Peter uses two verbs to describe their commitment: (1) “believe” and (2) “know.” These two words are synonymous at times, but it is unnecessary to simply view their union as synonymous parallelism for the sake of emphasis (i.e., “we have really, really, really believed that you are the Holy One of God”). They share the personal pronoun ἡμεῖς (“we”). But the use of the first verb (“we have believed”) reaches back to what is expressed in v. 68 and vv. 47–51. In 6:47 the substantival particple ὁ πιστεύων (“he who believes”) lacks an object. By the way, some scribes saw a little ambiguity in that expression in that context and added the phrase εἰς τὸν θεόν (“in God”) to clear things up. They missed the point when they added those words though. The emphasis is on Jesus wanting them to believe the part of his message that follows in vv. 48–51. It’s connected to his deity, sure, but the participle is connected to the message. Its implied object is τοῖς ῥήμασιν (“in the words”). That draws a more obvious connection to Peter’s response in 6:68, which also contains a reference to “eternal life” (the object of the verb in 6:47).
The second verb more directly corresponds to the ὅτι clause that follows. Peter says that they’ve not only already believed the lesson that Jesus taught in 6:48–51, but they’ve actually begun to understand more fully that Jesus is the one referred to in the Scriptures, albeit on rare occasion, as the “Holy One.” It appears here in Peter’s confession as “the Holy One of God” (ὁ ἅγιος τοῦ θεοῦ, 6:69). The closest Old Testament referent, the one to which Peter most likely referred, is found in Psalm 16:
"I have set the LORD continually before me. Because he is at my right hand, I will not be shaken. Therefore, my heart is glad and my glory rejoices. My flesh also will dwell securely. For you will not abandon my soul to Sheol. Nor will you allow your Holy One to undergo decay. You will make known to me the path of life. In your presence is fullness of joy. In your right hand there are pleasures forever.” (Ps. 16:8–10).This seems like the specific referent since this section of Psalm 16 is specifically quoted by Peter at Pentecost. Introducing the quote, Peter says, “For David says of him . . .” (Acts 2:25), that is, specifically Jesus. And there, in place of “Holy One of God,” we find “your Holy One.” The use of Psalm 16 in Acts is clearly because of its connection to the resurrection, and Peter understood “will not undergo decay” as evidence for the resurrection. By the way, Paul did too (Acts 13:35). This is too early in Jesus’ ministry, however, for the disciples to really grasp the whole issue of Jesus’ resurrection. Up to this point in his ministry, Jesus has not been teaching his disciples openly about his approaching suffering, death, and resurrection. That comes later. Jesus speaks openly about these matters for the first time in Caesarea Philippi, following Peter’s next confession (Matt. 16:21).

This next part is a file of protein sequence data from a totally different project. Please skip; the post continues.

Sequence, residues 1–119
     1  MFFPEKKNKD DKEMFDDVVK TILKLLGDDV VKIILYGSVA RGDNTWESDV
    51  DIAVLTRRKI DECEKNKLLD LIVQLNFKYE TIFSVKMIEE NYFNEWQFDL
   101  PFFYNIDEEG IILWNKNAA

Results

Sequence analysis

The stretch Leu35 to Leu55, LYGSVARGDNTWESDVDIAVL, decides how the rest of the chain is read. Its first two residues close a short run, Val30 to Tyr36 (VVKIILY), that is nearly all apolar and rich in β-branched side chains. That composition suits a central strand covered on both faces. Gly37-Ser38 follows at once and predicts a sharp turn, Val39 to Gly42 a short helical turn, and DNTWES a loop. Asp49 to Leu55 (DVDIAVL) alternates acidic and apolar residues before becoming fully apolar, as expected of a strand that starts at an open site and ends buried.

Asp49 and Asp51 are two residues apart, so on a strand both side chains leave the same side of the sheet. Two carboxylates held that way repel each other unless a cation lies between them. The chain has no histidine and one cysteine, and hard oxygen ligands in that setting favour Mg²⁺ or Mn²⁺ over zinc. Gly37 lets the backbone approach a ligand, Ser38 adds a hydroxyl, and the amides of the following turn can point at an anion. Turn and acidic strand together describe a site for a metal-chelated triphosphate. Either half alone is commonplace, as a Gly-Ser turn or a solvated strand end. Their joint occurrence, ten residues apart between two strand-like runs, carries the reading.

Well, you notice that I've left off this attribution by the demon-possessed man from the beginning of Jesus' ministry. True, Peter could have heard it used in that context and picked it up and started using it. But it seems more likely that Peter has a sort of draw to Psalm 16, perhaps from hearing it taught in school or read in the synagogue. Little did he know, though, this verse wasn't teaching that the Messiah would never die . . . just that his body wouldn't lie in the grave very long at all. Peter's confession is accurate in John 6. He is the Holy One. He'll just come to understand more and more about that passage following the crucifixion and resurrection of Jesus.